Uncle Bob and Bobby Helms and a few others got on a small plane and flew to Nashville one February evening. Bobby did a few tunes for Ernest, with Uncle Bob playing rhythm guitar, Scotty Scott on steel. Ernest liked what he heard and contacted Paul Cohen of Decca records. He got his recording contract and his first record was "Tennessee Rock and Roll". The flip side of that first record was a tune Bobby had written while working one evening at Uncle Bob's western wear store he had at the time. They had finished a show after the broadcast of a Hayloft Frolic show and Bobby sang it for Uncle Bob, "I Don't Owe You Nothing".
But Bobby apparently didn't take advice too easily sometimes, and didn't have the career that one might have had with the hits he had. Uncle Bob writes in his book that he had to let him go from his show - he was difficult to manage. Something he reiterated in our conversation. Bobby wanted Uncle Bob to manage his career, but Uncle Bob felt he was not the person to take Bobby to that next level - he needed someone who was on the inside of the industry, not someone who was based in Indiana. Bobby wanted someone to manage his career, but seemingly wouldn't listen to the advice he got at the same time. It is perhaps a story too often told in the entertainment industry.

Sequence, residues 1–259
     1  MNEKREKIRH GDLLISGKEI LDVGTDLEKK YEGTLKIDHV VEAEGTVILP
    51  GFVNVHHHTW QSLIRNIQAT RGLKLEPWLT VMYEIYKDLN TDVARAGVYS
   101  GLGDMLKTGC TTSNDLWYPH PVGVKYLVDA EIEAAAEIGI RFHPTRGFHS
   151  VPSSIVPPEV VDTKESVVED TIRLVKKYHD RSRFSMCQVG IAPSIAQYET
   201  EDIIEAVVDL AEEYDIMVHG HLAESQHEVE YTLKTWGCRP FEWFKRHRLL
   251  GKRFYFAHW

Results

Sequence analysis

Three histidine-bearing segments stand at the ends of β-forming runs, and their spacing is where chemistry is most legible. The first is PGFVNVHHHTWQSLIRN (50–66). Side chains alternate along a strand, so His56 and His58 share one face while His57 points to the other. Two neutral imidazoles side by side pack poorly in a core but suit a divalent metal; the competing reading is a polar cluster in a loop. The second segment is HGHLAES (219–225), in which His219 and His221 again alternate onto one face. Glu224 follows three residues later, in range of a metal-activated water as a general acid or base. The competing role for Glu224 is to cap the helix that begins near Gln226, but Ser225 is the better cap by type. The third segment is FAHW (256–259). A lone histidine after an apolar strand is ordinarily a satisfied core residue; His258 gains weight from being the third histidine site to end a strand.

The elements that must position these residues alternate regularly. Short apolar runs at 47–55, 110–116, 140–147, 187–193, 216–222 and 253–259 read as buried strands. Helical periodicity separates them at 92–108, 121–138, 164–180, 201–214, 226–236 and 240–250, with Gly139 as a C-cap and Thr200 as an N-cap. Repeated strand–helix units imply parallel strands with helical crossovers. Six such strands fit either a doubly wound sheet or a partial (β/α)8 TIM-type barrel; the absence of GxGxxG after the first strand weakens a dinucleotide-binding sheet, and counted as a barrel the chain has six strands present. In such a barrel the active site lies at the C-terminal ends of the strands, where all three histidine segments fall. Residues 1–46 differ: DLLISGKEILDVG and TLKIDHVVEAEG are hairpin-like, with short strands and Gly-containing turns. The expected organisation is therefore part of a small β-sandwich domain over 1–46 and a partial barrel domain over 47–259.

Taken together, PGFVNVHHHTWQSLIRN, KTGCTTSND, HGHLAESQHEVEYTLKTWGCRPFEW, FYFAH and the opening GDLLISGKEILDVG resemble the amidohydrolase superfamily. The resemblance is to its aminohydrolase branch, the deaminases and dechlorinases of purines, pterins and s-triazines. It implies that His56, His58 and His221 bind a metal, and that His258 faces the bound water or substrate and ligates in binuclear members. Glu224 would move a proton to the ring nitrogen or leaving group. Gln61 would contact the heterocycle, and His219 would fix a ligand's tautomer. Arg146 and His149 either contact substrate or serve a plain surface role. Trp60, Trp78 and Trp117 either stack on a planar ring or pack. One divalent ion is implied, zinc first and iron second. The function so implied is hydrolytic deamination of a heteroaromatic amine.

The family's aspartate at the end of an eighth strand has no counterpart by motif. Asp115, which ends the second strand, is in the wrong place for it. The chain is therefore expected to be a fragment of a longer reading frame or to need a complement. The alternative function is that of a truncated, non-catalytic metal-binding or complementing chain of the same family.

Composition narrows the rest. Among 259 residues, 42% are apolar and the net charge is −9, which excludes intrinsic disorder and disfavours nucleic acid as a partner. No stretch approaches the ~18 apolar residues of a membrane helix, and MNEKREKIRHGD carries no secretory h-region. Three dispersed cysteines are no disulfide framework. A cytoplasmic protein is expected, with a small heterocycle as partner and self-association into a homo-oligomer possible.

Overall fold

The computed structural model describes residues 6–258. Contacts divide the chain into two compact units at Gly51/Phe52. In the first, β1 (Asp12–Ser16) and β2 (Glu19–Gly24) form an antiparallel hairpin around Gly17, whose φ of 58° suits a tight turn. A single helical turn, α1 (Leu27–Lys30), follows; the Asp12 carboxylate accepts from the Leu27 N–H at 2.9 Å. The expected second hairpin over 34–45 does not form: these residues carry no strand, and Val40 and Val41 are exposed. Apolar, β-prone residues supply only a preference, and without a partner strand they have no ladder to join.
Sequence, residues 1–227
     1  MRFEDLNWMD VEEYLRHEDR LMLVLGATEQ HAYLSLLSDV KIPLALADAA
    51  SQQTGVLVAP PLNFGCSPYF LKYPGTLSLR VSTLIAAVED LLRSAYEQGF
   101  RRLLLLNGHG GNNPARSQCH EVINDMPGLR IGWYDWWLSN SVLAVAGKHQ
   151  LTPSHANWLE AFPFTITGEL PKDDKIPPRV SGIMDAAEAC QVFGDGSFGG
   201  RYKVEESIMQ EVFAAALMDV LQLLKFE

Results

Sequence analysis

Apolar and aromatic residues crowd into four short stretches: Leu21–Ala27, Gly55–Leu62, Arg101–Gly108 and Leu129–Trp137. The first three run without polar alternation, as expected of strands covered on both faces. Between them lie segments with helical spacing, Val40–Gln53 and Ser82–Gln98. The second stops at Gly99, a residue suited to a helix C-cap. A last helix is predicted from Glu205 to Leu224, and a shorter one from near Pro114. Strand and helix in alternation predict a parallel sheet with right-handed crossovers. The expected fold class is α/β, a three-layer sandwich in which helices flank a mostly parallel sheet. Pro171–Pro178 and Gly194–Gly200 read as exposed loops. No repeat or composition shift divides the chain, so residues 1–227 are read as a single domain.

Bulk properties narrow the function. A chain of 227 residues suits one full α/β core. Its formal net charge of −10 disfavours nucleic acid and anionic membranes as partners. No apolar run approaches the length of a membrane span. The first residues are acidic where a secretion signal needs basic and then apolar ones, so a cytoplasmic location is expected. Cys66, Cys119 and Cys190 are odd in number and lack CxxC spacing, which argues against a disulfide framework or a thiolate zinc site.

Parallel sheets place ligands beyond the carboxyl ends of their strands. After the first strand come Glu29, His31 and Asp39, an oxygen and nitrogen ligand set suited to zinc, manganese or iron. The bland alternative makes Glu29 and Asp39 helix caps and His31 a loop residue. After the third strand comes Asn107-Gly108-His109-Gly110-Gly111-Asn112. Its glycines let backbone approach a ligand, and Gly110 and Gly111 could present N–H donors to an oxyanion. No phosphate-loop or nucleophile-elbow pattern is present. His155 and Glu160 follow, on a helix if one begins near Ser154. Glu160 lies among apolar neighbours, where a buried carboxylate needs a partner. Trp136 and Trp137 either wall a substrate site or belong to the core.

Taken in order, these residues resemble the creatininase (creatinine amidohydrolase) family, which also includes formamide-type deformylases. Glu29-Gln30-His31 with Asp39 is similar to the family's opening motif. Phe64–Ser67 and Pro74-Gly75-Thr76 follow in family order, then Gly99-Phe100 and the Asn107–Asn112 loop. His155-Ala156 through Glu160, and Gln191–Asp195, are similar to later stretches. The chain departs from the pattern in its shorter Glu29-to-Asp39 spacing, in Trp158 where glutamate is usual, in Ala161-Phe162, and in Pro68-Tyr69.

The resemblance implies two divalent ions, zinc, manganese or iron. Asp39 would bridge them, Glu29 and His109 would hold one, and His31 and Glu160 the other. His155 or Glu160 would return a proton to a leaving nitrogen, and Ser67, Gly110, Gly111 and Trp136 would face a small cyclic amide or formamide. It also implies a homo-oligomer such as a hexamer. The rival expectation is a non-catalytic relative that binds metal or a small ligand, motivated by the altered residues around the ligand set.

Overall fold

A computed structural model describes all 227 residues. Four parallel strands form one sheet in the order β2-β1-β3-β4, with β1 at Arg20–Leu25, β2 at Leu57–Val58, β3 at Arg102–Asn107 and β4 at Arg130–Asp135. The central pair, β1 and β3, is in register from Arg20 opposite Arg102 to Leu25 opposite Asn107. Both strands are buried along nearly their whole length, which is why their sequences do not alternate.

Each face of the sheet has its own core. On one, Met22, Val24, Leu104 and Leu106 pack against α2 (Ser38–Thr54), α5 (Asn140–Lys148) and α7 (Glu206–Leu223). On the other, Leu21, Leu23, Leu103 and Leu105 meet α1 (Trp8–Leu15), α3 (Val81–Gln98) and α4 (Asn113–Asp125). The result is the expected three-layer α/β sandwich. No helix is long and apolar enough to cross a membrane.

Bobby noted in one interview with Ben Newman that it was a long time before he really got comfortable singing in front of large audiences. Then later, when he seemed to be getting a lot of attention, he felt those early opportunities helped him - as he wondered what would have happened if he had hit it big before he got comfortable with the larger audiences.
On May 25 and 26, 1956, Bobby was one of the many country music performers who appeared at the National Hillbilly Music event that saluted Jimmie Rodgers down in Meredian, Mississippi. According to journalist Ben Newman, nearly 30,000 people attended the event that was created by two of Jimmie's biggest fans, Hank Snow and Ernest Tubb.
This was around the same time that Bobby had released his first recording on Decca. Country & Western Jamboree reported that the distinctive steel guitar backing Bobby was by Howard (Scotty) Scott, also of Uncle Bob Hardy's Hayloft Frolic show.